Three games into his career, I wrote a post comparing Jake Rudock to past Kirk Ferentz era quarterbacks. Then, Rudock’s career was young. He spent most of his time handing the ball off to Mark Weisman. And while with a year under his belt Rudock is starting to make a name of his own, it’s hard not to draw comparisons to QBs of the past…and one in particular.
Jake Rudock and Ricky Stanzi
When Stanzi finally won the starting job as a sophomore in 2008, he benefited from an outstanding running back and a good offensive line. His job was mostly to manage games and hand the ball off. A lot of the time, he didn’t even have to throw it 20 times in a game because the running game was so strong. He also benefited from a fantastic defense that kept games in reach even without having to do too much on offense. Though Iowa suffered a couple of tough, close losses early in the season, by the end of the year Stanzi came into his own, led a game-winning drive against #3 Penn State, and didn’t lose again for a year.
Rudock got his start a little sooner, without the same level of QB controversy (though had a little throughout the season). He too benefited from a solid rushing attack and a very good defense. In a few games last year, he probably could have handed it off every single play… and he practically did in the 4th quarter against Iowa State and again against Minnesota in the second half. But the running game slowed a little as the season wore on and the opposing defenses were better. Rudock also stepped up his game late in the year and led Iowa to two big wins over Michigan and Nebraska.
Even their stats were very similar in their sophomore years. The big difference in the number is really in the snaps that Stanzi lost to Jake Christensen early in the season. If you project out Stanzi’s numbers to have the same number of attempts as Rudock, he would have gone 204/346 for 2664 yards with 19 TDs and 12 INTs… pretty similar. The one key difference is that Rudock is running Greg Davis’s offense and his yards per attempt are a bit lower thanks to the more horizontal nature of the passing game.
More than similar sophomore seasons, the Stanzi in Rudock is maybe most evident in his ability to shake off a mistake. In Stanzi’s case, he was so good after throwing an interception (or, uh, four against Indiana) and so prone to throwing them (in 2009 at least), you’d almost hope that he’d throw one just to get it over with and get him going. Even in one of Iowa’s most dominant games (against Georgia Tech in the Orange Bowl), Stanzi was able to keep it close early with a pick-six.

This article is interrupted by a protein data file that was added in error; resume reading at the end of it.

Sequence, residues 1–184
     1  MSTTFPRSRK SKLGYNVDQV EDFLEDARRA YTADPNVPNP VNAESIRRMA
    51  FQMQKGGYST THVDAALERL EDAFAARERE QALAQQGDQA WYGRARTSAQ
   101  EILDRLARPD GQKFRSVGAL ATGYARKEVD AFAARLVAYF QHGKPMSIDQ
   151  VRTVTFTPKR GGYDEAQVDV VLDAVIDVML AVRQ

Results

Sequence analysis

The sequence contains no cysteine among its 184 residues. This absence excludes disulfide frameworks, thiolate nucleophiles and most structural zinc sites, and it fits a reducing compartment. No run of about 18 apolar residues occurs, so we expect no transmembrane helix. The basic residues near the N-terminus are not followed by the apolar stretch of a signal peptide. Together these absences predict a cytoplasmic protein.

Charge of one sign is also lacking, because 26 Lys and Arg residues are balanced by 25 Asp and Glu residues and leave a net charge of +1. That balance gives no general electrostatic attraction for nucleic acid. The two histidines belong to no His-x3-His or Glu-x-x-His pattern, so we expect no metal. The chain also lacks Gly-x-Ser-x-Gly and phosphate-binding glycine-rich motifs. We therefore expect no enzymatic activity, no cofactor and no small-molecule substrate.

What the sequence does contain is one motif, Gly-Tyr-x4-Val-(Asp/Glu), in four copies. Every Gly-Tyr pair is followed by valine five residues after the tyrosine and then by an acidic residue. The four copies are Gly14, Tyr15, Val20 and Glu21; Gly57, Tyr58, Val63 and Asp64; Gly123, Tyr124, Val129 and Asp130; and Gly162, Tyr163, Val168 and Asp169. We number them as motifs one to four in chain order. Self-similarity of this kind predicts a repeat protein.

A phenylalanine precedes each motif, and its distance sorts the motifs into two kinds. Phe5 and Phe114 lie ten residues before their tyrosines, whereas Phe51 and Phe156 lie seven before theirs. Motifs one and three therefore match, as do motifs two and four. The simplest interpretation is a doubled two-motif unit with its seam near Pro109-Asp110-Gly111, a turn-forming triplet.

Rudock has had his share of STANZIBALLS, too. The Michigan game was probably the most obvious example of that trend. Rudock threw a pick-six on Iowa’s first offensive play of the game (which Stanzi managed to do against Michigan also in 2009…except he at least waited until the second play). He threw two more interceptions before getting it together in the last third of the game and leading two scoring drives that completed a 17-point run to end the game after trailing by 14 at halftime. The start of Ferentz 3.0?
Going forward, the hope is that Rudock's track will mirror Stanzi’s. Pat already broke down some of the similarities with this year’s team to 2009. Part of what made that team so successful was Stanzi’s improvement from the year before. He no longer had Shonn Greene to carry the load and started becoming a playmaker in his own right. And while Stanzi’s overall stats didn’t improve a ton and he had those aforementioned interceptions that sometimes kept him from being even more successful, the way he closed out games was spectacular. With some question marks at kicker this year and almost certainly a large number of close games on the horizon (it's Iowa football under Kirk Ferentz, after all), having a QB that can succeed late in games is going to be imperative. And I have confidence that Jake Rudock is ready to take that step forward to be the player Iowa needs to have another special year.